Today, I woke up with a dog snuggled as close to my back as she could be without being on top of me and a husband scrolling on his phone for the morning news, memes, whatnot. As soon as it was remotely evident I might have been awake, the dog began army crawling on top of my chest and looked down at me with admiration and adoration.
Four years ago today, I woke up alone in a hotel room in Birmingham, Alabama. I packed my suitcase while I cried. I made plans with my colleagues to meet in the lobby. It was a very different time.
Today, I cried. I cried with relief, joy, hope, and deep sadness for all we’ve lost. I cried with pride as Kamala Harris was sworn in as the first woman vice president, the first Asian vice president, the first Black vice president of the United States of America. And I cried with relief as President Joe Biden was sworn in as President.
Four years ago, I cried. I cried with fear, loathing, concern, and deep sadness for what could happen. Some of my worst fears were realized over those four years, but some, thankfully, did not come to fruition.
Today, I sat in pajamas in my home — my fortress — the place I’ve spent the majority of the last 10 months and watched Joe Biden swear in as the president of the United States of America.
Four years ago, I stood in front of a statue of Dr. Martin Luther King Jr. I walked past the 16th Street Baptist Church. And I walked into the Birmingham Civil Rights Museum.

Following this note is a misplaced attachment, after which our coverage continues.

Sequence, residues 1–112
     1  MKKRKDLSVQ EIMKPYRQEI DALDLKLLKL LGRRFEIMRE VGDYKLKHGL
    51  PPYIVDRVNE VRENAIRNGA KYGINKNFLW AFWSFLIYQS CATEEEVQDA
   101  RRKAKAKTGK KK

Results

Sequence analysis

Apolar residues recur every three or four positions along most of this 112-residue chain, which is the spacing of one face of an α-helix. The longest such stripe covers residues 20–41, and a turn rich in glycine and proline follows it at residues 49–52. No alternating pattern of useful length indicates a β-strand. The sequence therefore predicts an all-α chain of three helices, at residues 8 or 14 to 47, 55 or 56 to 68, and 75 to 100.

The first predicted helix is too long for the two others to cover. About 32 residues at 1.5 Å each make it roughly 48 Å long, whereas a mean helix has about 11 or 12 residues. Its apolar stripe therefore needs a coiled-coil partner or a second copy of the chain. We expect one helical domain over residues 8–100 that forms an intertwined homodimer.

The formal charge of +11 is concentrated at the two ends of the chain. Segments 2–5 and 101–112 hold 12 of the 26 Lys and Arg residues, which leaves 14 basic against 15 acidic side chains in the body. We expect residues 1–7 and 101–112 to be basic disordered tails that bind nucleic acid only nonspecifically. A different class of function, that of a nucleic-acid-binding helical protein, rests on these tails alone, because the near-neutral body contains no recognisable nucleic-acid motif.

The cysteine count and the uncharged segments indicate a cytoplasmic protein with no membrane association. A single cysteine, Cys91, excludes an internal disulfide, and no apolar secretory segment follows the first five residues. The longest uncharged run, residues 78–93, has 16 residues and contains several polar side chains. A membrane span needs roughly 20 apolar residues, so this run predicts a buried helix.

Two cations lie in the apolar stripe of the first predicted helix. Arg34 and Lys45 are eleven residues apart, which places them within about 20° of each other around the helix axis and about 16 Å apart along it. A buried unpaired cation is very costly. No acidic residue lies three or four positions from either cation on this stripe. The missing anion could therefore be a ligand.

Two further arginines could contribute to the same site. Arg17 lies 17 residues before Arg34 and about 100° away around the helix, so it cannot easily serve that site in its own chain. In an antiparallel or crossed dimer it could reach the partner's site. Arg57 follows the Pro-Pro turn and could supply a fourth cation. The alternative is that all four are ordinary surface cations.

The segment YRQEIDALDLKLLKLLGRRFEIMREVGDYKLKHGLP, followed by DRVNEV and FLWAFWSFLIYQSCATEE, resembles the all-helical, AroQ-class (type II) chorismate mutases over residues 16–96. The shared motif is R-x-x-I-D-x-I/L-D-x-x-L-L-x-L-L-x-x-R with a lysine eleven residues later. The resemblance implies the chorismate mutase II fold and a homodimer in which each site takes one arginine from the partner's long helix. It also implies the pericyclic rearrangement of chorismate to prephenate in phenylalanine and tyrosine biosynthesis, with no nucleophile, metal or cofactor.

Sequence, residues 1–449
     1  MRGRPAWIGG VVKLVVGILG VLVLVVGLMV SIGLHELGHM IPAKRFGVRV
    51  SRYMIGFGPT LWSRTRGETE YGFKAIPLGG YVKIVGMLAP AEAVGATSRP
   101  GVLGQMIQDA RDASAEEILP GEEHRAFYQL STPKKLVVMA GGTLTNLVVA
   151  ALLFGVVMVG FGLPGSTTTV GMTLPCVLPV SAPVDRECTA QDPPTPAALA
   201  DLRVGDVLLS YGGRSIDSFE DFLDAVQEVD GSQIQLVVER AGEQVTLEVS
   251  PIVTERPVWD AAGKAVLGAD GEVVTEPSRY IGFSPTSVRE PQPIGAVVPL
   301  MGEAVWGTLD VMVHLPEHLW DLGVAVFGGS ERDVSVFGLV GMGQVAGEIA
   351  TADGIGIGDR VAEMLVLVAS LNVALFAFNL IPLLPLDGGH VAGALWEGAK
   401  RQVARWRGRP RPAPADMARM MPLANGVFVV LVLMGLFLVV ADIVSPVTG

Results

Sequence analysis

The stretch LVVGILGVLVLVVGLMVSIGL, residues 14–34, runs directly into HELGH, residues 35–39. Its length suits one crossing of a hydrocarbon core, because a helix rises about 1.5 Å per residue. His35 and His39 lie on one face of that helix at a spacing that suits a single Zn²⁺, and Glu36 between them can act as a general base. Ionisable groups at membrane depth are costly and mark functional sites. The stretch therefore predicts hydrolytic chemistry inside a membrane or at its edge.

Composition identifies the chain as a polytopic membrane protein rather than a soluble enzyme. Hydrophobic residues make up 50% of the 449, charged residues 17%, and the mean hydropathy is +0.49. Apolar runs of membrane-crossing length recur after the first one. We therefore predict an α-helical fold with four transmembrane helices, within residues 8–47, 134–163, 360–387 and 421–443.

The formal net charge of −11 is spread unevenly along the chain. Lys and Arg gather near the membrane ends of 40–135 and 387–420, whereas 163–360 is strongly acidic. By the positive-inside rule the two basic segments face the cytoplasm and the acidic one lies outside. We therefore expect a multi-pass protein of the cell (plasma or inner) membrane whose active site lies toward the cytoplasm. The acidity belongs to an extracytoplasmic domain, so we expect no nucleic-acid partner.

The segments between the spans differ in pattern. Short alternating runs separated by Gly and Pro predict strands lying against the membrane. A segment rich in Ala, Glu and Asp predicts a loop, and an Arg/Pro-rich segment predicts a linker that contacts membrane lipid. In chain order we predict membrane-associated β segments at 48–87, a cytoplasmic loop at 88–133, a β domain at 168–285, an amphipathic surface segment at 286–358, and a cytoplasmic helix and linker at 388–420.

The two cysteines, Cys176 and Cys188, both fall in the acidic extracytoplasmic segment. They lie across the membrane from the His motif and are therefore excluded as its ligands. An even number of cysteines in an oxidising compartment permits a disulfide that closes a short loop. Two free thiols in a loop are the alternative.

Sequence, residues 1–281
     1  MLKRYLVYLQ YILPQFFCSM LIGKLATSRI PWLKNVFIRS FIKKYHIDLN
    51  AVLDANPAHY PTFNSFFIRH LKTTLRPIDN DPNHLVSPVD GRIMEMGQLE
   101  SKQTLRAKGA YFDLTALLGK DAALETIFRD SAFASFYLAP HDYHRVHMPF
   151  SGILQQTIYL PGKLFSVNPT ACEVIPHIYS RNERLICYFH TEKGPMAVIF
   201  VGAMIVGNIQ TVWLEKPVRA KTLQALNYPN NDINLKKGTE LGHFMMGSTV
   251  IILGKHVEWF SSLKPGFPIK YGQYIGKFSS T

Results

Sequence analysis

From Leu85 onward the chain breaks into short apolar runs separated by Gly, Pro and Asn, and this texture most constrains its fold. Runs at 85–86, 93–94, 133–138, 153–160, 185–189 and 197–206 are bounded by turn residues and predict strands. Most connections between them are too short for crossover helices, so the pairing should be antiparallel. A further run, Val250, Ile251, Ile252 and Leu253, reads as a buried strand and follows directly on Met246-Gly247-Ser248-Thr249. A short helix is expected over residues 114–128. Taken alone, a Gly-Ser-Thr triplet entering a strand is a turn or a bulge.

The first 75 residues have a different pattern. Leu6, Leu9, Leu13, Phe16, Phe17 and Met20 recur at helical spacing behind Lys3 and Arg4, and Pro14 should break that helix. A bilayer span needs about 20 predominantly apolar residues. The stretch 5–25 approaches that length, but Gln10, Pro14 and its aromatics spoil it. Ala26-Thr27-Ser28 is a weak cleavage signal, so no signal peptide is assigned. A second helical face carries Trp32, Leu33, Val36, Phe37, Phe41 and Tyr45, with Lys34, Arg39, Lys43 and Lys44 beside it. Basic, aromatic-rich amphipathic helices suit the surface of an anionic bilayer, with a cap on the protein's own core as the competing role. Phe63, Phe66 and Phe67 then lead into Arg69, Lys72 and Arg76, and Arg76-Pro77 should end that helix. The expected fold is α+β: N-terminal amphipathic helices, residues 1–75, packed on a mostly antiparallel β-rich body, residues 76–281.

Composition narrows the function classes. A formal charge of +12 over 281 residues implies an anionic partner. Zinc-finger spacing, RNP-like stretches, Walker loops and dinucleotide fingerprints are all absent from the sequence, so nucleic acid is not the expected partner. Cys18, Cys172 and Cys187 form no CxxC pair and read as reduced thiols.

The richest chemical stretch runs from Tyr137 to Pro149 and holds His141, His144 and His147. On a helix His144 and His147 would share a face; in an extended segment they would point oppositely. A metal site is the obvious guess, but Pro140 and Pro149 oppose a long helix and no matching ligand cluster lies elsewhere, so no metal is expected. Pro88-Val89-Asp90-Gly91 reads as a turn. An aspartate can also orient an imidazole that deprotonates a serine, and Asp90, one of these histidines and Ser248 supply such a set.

Today, I will not go anywhere or see anything outside the four sides of my house. We’re in the middle of a global pandemic and there are no museums or points of interest drawing me in. The inauguration is populated by more National Guard and security personnel than guests of the Capitol.
Four years ago, I dressed in business casual and walked a few blocks to the Birmingham Civil Rights Museum with my co-workers as Donald Trump was sworn in as the president. I spent hours poring over the exhibits, reading and watching speeches of people fighting for equal rights in the 50s and 60s.
Today, I changed my Facebook profile photo to Joe Biden and Kamala Harris, the first Black and Asian woman vice president. I changed my cover photo to the incoming first family.
Four years ago, I changed my Facebook profile photo to Barack Obama, the first Black president, and Joe Biden.
Today, I am relieved. We have a lot of work to do. We must continue to hold our elected officials responsible and ensure that they work for us. But today, we celebrate.